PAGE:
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Prone Positioning in ARDS

Gordon, Ayla MD; Rabold, Erica MD; Thirumala, Raghukumar MD; Husain, Ahmad Alhaj MD; Patel, Samir MD; Cheema, Tariq MD

doi: 10.1097/CNQ.0000000000000277
Original Articles
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Adult respiratory distress syndrome (ARDS) is a clinical entity characterized by hypoxemic respiratory failure in the setting of noncardiogenic pulmonary edema. It is associated with significant morbidity and mortality. Prone positioning is a beneficial strategy in patients with severe ARDS because it improves alveolar recruitment, ventilation/perfusion (V/Q) ratio, and decreases lung strain. The outcome is improved oxygenation, decreased severity of lung injury, and, subsequently, mortality benefit. In this article, we discuss the physiology of prone positioning on chest mechanics and V/Q ratio, the placement and maintenance of patients in the prone position with use of a prone bed and the current literature regarding benefits of prone positioning in patients with ARDS.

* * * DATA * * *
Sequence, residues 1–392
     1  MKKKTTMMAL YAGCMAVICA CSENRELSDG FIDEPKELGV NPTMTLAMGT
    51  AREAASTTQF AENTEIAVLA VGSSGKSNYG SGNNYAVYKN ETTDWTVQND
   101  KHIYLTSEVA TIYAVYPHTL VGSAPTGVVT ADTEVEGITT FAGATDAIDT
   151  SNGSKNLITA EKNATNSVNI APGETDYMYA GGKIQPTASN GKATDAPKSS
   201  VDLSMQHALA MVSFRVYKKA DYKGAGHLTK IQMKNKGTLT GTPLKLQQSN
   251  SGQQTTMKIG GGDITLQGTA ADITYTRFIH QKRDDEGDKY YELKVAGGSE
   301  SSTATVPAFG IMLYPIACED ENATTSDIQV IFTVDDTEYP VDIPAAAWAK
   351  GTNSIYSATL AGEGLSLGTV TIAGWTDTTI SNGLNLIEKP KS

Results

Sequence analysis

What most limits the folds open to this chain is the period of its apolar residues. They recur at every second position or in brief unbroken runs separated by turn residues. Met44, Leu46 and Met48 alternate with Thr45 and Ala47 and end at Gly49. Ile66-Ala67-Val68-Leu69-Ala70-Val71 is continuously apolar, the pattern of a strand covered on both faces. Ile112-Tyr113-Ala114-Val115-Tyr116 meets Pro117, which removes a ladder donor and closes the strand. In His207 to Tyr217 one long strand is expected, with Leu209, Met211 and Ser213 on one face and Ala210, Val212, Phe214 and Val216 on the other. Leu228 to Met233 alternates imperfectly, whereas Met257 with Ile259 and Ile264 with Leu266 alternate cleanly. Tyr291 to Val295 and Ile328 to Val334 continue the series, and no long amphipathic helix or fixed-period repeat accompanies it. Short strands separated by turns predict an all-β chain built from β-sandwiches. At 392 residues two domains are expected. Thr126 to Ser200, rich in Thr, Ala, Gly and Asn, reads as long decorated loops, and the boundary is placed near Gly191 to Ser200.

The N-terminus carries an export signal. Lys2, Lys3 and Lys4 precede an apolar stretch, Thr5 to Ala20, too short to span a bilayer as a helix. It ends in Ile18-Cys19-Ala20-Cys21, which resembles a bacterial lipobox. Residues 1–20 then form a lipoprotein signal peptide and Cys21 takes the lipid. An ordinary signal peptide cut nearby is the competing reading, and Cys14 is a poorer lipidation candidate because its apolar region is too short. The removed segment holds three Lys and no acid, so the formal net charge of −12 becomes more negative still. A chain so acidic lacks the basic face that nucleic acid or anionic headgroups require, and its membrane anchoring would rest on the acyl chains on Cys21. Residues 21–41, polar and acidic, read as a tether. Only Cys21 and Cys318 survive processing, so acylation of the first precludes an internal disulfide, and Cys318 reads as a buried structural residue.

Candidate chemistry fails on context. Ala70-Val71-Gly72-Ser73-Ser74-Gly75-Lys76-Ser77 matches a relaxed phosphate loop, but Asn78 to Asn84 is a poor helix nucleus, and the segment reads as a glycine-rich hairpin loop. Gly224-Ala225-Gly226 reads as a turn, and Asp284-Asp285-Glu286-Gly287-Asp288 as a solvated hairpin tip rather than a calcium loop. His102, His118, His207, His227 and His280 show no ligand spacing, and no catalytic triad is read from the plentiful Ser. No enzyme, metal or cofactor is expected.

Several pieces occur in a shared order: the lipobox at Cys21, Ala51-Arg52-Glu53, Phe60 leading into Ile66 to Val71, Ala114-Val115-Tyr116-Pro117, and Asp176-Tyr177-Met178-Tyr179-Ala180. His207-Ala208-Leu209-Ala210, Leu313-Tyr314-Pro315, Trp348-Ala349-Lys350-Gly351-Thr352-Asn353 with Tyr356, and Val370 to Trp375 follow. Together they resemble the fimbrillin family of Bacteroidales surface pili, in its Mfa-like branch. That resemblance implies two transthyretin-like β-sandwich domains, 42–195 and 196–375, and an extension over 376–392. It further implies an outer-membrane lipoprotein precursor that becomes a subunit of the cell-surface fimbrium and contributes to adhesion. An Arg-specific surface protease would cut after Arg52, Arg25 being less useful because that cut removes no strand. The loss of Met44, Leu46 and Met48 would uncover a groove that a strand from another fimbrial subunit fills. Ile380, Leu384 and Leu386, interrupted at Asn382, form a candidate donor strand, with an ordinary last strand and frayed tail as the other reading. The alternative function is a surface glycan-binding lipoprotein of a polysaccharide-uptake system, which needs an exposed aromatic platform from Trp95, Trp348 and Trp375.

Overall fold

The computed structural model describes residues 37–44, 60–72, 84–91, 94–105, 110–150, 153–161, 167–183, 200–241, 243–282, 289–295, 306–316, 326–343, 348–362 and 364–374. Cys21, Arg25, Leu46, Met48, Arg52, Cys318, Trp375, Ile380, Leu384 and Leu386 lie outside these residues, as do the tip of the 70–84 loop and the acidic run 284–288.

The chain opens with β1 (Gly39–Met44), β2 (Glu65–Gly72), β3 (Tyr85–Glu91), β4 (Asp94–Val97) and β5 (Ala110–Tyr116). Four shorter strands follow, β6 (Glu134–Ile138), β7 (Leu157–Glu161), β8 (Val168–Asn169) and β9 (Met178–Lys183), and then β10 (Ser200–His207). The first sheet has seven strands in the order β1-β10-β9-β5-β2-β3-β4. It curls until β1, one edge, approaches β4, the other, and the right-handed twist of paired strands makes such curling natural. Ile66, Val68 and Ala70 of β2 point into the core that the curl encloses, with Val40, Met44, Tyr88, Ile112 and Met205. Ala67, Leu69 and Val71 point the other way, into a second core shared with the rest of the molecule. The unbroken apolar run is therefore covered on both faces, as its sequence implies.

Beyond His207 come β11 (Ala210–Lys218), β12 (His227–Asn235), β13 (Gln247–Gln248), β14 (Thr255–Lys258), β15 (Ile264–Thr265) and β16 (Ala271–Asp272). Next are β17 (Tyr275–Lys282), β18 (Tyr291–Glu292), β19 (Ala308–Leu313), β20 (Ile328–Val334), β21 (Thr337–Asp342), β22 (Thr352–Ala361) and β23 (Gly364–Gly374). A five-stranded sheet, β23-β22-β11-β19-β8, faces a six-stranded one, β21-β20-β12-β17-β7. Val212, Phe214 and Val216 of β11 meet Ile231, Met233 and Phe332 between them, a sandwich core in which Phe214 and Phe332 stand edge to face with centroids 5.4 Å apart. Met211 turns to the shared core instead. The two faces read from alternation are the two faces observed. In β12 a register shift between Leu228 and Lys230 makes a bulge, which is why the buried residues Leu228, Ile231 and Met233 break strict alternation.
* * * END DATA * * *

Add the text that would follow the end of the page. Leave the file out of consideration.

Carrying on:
Division of Pulmonary-Critical Care (Drs Gordon, Rabold, Thirumala, Husain, and Cheema) and Internal Medicine Residency, Department of Medicine (Dr Patel), Allegheny General Hospital, Allegheny Health Network, Pittsburgh, Pennsylvania.

Correspondence: Ayla Gordon, MD, Division of Pulmonary Critical Care, Allegheny General Hospital, 320 E North Ave, Pittsburgh, PA 15212 (Ayla.gordon@ahn.org).

The authors have disclosed that they have no significant relationships with, or financial interest in, any commercial companies pertaining to this article.

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